X11 in 3x12bit or 3x16 bit colors??

05/02/2009 - 19:28 von user | Report spam
Hello,

(sorry, I'm belgian and gone talk in english).

This morning I was wandering why the color depth of images didn't change
since about 1989 (?), when I/ my colleagues used a 24°8 grapĥics card on a
MacIIx. (some scanners do have 48 bit, but no computer/OS?)

If you make a gradient in gray, you might see some borderlines, simply
because there are only ... 256 gray values...(in 3x8 bits) Same problem
for a blue, red or green gradient...
And if you look on your digital television, (is it 3x8bits?), you will see
clouds or snow which look very bad in their white and gray values..


I thought, somebody like sgi.com could have more colordepth...
I found this article:
http://en.wikipedia.org/wiki/Color_depth
(there is a 6x8 bit tv system , based on 6 axes for colour space, which has
3(?) dimensions..)

You can link to these cards:
http://en.wikipedia.org/wiki/ATI_FireGL
Some of these cards seem to work with unix, others with NT.
But: which (linux/bsd) OS has 3x12 or 3x16 bit colors??
It seems the applications do something with it... (pumping directly to the
graphics card?). But there is no Photoshop in 3x16 bit color, I guess??


I have seen Xmacbsd-1-bit and Xmacbsd-8-bit (from netbsd.org) in the year
1995, and I suppose an X system in a reasonable multiple of 2 is possible,
so 3x16bits color??


BTW, I'll be at FOSDEM.org this weekend. If good weather, walkin' in
Brussels ;-)

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Lesen sie die antworten

#1 Thomas Richter
20/03/2009 - 16:05 | Warnen spam
user wrote:
Hello,

(sorry, I'm belgian and gone talk in english).

This morning I was wandering why the color depth of images didn't change
since about 1989 (?), when I/ my colleagues used a 24°8 grapĥics card on a
MacIIx. (some scanners do have 48 bit, but no computer/OS?)

If you make a gradient in gray, you might see some borderlines, simply
because there are only ... 256 gray values...(in 3x8 bits) Same problem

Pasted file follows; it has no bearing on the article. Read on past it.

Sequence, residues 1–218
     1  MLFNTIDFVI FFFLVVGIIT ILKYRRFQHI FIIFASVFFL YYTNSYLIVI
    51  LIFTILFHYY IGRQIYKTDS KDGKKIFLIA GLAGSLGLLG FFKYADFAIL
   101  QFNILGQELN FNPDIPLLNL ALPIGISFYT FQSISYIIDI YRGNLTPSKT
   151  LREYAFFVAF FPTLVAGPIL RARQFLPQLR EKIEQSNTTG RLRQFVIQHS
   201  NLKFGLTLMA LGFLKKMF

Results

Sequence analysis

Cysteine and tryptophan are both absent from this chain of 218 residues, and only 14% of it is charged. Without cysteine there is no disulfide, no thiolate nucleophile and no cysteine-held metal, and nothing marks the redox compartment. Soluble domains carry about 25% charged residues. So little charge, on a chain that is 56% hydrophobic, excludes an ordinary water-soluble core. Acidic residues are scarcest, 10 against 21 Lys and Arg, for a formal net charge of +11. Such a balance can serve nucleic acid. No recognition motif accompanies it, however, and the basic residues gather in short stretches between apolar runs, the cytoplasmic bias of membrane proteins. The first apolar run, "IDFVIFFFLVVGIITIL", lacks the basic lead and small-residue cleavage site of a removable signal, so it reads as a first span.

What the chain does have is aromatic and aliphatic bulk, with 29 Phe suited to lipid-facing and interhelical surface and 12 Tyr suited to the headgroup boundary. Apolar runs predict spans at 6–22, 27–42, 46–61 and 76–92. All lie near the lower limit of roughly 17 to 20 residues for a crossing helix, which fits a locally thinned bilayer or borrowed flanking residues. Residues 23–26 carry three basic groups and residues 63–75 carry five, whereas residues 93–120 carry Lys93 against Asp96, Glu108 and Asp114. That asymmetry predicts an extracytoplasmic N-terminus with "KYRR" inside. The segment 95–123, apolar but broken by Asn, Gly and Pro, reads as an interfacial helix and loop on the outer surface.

for a blue, red or green gradient...
And if you look on your digital television, (is it 3x8bits?), you will see
clouds or snow which look very bad in their white and gray values..



Different reason - the snow comes from quantization artifacts, from the
quantizer within the video codec, not from the quantization due to the
component precision. Higher bit depth viewing devices do exist, but I'm
not aware of one that would run under X11 (nor an extension of X11 for
it), and only specialists can afford them - high dynamic range images
are used for example in medical imaging, there for inspection of digital
Xrays. The ones I know (from BARCO) have 10 bits resolution.

However, you usually want more precision at the scanning device than at
the displace device - this is because usually you want more than just
rendering the scanned result directly to screen, and processing the
image will cost precision. You're better off here if you have some
overhead of "spare" precision.

But: which (linux/bsd) OS has 3x12 or 3x16 bit colors??



None I'm aware of. Proprietary Windows drivers for HDR displays have it,
but IIRC, X11 doesn't specify anything beyond 8bpp (per component, that is).

It seems the applications do something with it... (pumping directly to the
graphics card?). But there is no Photoshop in 3x16 bit color, I guess??



While I'm not a photoshop expert, I would believe it can process images
in 16bpp - see above - this even makes sense if your monitor displays
only 8bpp.

So long,
Thomas

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